Julian Schnabel – “The Diving Bell and the Butterfly”

BEST ACTOR

George Clooney – “Michael Clayton”

Daniel Day Lewis – “There Will Be Blood”

Johnny Depp – “Sweeney Todd”

Tommy Lee Jones – “In the Valley of Elah”

Viggo Mortensen – “Eastern Promises”

BEST ACTRESS

Cate Blanchett – “Elizabeth: The Golden Age”

Julie Christie – “Away From Her”

Marion Cotillard – “La Vie en Rose”

Laura Linney – “The Savages”

Ellen Page – “Juno”

BEST SUPPORTING ACTOR

Casey Affleck – “The Assassination of Jesse James…”

Javier Bardem – “No Country for Old Men”

Hal Holbrook – “Into the Wild”

Philip Seymour Hoffman – “Charlie Wilson’s War”

Tom Wilkinson – “Michael Clayton”

BEST SUPPORTING ACTRESS

Cate Blanchett – “I’m Not There”

Ruby Dee – “American Gangster”

Saoirse Ronan – “Atonement”

Amy Ryan – “Gone Baby Gone”

Tilda Swinton – “Michael Clayton”

BEST ORIGINAL SCREENPLAY

Diablo Cody – “Juno”

Nancy Oliver – “Lars and the Real Girl”

Tony Gilroy – “Michael Clayton”

Brad Bird, Jan Pinkava & Jim Capobiano – “Ratatouille”

Tamara Jenkins – “The Savages”

BEST ADAPTED SCREENPLAY

Christopher Hampton – “Atonement”

Sarah Polley – “Away From Her”

Ronald Harwood – “The Diving Bell and the Butterfly”

Joel Coen & Ethan Coen – “No Country for Old Men”

Paul Thomas Anderson – “There Will Be Blood”

BEST ANIMATED FILM

“Persepolis”

“Ratatouille”

“Surf’s Up”

BEST FOREIGN FILM

“Beaufort” – Israel

“The Counterfeiters” – Austria

“Katyn” – Poland

“Mogol” – Kazakhstan

“12” – Russia

BEST ORIGINAL SCORE

“Atonement”

“The Kite Runner”

“Michael Clayton”

“Ratatouille”

“3:10 to Yuma”

BEST ORIGINAL SONG

“Falling Slowly” – “Once”

“Happy Working Song” – “Enchanted”

“So Close” – “Enchanted”

“That’s How You Know” – “Enchanted”

“Raise It Up” – “August Rush”

BEST CINEMATOGRAPHY

“The Assassination of Jesse James…”

“Atonement”

“The Diving Bell and the Butterfly”

“No Country for Old Men”

“There Will Be Blood”

BEST COSTUME DESIGN

“Across the Universe”

“Atonement”

“Elizabeth: The Golden Age”

“La Vie en Rose”

“Sweeney Todd”

BEST ART DIRECTION

“American Gangster”

“Atonement”

“The Golden Compass”

“Sweeney Todd”

“There Will Be Blood”

BEST MAKE-UP

“La Vie en Rose”

“Norbit”

“Pirates of the Caribbean: At World’s End”

BEST EDITING

“The Bourne Ultimatum”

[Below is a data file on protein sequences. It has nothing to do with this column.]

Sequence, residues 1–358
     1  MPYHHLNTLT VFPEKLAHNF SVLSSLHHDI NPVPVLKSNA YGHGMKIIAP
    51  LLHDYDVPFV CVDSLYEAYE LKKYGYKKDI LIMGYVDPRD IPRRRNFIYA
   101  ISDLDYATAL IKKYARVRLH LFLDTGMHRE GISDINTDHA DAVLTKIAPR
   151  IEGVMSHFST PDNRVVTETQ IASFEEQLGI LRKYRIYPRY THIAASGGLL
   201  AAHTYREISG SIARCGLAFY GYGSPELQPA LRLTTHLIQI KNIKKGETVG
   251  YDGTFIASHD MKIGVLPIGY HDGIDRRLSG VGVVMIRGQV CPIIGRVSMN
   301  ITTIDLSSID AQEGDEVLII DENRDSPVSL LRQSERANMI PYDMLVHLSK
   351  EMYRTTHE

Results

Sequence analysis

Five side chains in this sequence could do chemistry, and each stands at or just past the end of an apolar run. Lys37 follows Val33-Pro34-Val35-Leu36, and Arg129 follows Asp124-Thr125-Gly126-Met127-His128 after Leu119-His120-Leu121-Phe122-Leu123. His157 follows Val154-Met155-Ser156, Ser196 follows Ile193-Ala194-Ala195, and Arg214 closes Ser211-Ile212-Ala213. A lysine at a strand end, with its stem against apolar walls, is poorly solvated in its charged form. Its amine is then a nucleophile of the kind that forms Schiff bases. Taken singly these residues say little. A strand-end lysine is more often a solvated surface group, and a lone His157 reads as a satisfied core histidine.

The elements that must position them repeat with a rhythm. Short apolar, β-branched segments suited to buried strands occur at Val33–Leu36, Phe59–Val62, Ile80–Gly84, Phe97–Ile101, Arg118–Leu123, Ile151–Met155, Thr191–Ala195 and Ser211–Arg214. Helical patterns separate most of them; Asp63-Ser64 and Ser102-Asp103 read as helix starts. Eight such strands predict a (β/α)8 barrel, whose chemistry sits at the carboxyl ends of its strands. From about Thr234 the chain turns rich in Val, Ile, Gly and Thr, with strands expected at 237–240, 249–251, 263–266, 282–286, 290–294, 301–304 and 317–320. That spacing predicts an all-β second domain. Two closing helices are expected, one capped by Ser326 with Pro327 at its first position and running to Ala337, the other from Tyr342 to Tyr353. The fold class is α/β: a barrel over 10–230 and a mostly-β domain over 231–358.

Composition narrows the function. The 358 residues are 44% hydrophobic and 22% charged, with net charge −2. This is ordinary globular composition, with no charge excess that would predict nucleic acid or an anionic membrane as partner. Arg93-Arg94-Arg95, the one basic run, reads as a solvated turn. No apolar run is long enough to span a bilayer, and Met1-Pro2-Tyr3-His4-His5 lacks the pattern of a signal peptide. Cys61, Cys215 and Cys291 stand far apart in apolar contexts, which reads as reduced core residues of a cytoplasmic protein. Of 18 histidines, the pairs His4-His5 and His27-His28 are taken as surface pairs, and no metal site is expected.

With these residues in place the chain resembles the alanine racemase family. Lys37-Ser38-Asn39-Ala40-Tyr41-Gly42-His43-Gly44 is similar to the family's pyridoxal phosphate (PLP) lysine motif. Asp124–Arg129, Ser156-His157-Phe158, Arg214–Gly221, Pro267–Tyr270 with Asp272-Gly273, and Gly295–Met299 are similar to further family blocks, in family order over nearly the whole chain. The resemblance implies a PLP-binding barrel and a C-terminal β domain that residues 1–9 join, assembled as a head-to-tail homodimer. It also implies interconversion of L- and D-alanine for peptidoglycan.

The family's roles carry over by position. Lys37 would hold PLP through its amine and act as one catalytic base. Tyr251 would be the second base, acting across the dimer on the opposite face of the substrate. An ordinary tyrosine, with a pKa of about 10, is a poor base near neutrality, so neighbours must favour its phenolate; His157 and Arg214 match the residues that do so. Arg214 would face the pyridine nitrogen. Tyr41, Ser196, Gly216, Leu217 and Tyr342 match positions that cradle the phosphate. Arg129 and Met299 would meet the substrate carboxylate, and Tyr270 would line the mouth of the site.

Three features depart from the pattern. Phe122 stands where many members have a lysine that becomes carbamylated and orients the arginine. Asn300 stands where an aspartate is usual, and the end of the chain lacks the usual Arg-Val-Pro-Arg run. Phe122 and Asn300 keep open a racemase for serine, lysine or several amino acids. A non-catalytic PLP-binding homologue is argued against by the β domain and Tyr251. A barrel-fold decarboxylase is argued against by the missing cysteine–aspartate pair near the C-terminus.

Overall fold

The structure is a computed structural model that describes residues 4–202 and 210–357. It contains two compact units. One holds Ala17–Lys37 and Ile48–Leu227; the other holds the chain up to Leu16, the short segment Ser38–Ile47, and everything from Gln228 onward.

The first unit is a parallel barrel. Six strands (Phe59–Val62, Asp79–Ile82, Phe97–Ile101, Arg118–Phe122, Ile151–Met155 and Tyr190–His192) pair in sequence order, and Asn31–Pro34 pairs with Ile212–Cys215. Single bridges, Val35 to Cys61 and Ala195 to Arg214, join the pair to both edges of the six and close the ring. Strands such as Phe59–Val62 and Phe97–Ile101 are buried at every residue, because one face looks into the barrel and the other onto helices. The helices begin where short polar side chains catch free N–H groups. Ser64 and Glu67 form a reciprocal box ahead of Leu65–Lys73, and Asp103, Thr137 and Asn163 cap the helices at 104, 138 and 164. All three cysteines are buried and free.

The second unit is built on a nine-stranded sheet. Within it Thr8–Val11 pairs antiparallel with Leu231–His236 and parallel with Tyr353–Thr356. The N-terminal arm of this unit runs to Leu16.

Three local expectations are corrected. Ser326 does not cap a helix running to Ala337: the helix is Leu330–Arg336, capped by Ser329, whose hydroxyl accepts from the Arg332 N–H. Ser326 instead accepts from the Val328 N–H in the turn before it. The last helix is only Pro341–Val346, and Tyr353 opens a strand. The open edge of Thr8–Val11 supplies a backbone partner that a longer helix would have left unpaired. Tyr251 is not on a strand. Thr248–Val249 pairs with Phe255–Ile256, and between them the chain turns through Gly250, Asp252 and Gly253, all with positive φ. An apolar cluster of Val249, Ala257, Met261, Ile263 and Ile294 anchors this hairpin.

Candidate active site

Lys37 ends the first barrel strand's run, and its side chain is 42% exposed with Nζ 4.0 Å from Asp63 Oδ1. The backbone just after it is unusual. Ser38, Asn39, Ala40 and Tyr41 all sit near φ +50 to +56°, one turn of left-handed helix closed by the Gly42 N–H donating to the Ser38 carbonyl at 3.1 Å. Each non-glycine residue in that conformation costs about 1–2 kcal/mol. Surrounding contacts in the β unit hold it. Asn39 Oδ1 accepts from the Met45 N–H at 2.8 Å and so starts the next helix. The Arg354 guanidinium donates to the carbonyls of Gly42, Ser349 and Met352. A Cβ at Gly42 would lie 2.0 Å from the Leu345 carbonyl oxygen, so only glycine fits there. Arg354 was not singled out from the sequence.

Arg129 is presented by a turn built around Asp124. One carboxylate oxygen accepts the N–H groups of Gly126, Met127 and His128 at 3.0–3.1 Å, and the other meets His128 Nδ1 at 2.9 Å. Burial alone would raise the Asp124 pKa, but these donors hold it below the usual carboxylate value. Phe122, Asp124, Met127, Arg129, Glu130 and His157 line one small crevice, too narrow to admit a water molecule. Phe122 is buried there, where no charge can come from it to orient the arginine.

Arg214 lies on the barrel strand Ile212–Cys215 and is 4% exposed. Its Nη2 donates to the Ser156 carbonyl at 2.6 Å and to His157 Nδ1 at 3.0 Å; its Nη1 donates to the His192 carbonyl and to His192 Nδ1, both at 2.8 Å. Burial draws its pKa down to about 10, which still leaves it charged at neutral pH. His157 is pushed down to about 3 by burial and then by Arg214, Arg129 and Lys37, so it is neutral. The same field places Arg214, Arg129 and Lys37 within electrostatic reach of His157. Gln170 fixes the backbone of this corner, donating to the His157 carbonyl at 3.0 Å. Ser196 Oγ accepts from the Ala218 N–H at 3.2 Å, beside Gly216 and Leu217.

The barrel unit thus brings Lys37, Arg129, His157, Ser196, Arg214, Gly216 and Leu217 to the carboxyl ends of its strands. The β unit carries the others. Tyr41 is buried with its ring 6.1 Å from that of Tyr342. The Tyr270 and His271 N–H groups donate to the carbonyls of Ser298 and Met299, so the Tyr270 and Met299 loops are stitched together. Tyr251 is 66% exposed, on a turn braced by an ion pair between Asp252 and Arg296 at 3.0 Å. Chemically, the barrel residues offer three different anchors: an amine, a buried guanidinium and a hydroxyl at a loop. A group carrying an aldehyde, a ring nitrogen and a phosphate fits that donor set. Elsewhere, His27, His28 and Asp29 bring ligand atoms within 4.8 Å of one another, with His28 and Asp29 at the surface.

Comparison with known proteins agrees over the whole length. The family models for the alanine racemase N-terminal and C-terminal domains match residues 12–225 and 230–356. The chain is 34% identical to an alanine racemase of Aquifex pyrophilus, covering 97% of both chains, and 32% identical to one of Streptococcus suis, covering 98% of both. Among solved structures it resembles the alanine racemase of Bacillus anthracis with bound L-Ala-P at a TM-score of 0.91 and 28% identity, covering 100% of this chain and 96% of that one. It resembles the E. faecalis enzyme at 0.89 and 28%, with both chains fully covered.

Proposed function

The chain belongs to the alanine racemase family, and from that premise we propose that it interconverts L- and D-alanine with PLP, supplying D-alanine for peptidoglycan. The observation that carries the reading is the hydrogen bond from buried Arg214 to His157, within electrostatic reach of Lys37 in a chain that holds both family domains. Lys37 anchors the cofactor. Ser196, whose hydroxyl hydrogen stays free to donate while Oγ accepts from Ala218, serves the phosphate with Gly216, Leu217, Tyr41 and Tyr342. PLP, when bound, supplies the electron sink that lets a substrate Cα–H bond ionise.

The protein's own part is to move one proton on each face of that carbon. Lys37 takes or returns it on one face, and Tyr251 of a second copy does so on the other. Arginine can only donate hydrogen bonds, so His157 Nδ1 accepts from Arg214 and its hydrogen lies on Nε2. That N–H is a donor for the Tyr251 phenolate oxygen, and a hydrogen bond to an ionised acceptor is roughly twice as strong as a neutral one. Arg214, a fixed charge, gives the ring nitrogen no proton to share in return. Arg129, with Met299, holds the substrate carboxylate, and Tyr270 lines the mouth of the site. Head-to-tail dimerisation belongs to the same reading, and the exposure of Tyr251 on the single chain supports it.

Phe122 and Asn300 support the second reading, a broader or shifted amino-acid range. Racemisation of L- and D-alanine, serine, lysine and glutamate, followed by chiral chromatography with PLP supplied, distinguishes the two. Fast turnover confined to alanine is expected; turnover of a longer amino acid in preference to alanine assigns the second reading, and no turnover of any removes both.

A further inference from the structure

“The Diving Bell and the Butterfly”

“Into the Wild”

“No Country for Old Men”

“There Will Be Blood”

BEST DOCUMENTARY FEATURE

“No End in Sight”

“Operation Homecoming…”

“Sicko”

“Taxi to the Dark Side”

“War/Dance”

 

 

 

 

 

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Happy Birthday, Dr. King

Had he not be felled by assassin James Earl Ray’s fateful shot in Memphis on April 4, 1968, the Reverend Dr. Martin Luther King Jr. would have been 79 years old today.

So, in honor of this truly iconic American’s birthday, we decided to finally post some of the many pictures we took this past August at the amazing National Civil Rights Museum in downtown Memphis.

Lorraine Motel, Memphis (August 16, 2007)
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Housed in the beautifully preserved shell of the historic Lorraine Motel — the site of Dr. King’s assassination — the museum does not allow cameras of any kind inside, so though we have no pictures of the powerfully moving contents of the museum , trust me when I say that this place is really something special.

Stepping inside, you are immediately transported back in time through a series of photos, videos and dazzling interactive displays to the darkest days of the pre-Civil-Rights-era South. Everywhere you look there are letters, pictures and actual items from the era.

One display, centered around a carefully preserved segregated lunch counter (from a diner somewhere in North Carolina) incorporates real-life documentary footage on a screen overhead. The hateful racial epithets hurled your way as you stand at the counter are bone-chilling, and I can tell you I heard more than one grown man reduced to tears.

The balcony of the Lorraine Motel, Memphis (August 16, 2007)
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But perhaps the most moving of the interactive displays on the main floor is a scale replica of the Birmingham, Alabama city bus where Rosa Parks refused to surrender her seat.

Stepping onto the bus, the first thing you see is the haunting life-size figure of Rosa Parks sitting up front. You are encouraged to sit nearby and then, almost immediately, the lights dim and a light pops on over your head as the seat beneath you vibrates jarringly to life. It was so startling that I almost hit my head jumping out of my seat.